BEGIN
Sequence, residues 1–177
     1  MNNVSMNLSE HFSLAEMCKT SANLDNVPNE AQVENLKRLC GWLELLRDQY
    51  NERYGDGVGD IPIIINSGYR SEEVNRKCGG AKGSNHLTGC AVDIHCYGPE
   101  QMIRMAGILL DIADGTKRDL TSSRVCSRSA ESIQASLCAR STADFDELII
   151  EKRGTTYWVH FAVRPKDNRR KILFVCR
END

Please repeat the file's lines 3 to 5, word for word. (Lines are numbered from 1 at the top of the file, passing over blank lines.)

    51  NERYGDGVGD IPIIINSGYR SEEVNRKCGG AKGSNHLTGC AVDIHCYGPE
   101  QMIRMAGILL DIADGTKRDL TSSRVCSRSA ESIQASLCAR STADFDELII
   151  EKRGTTYWVH FAVRPKDNRR KILFVCR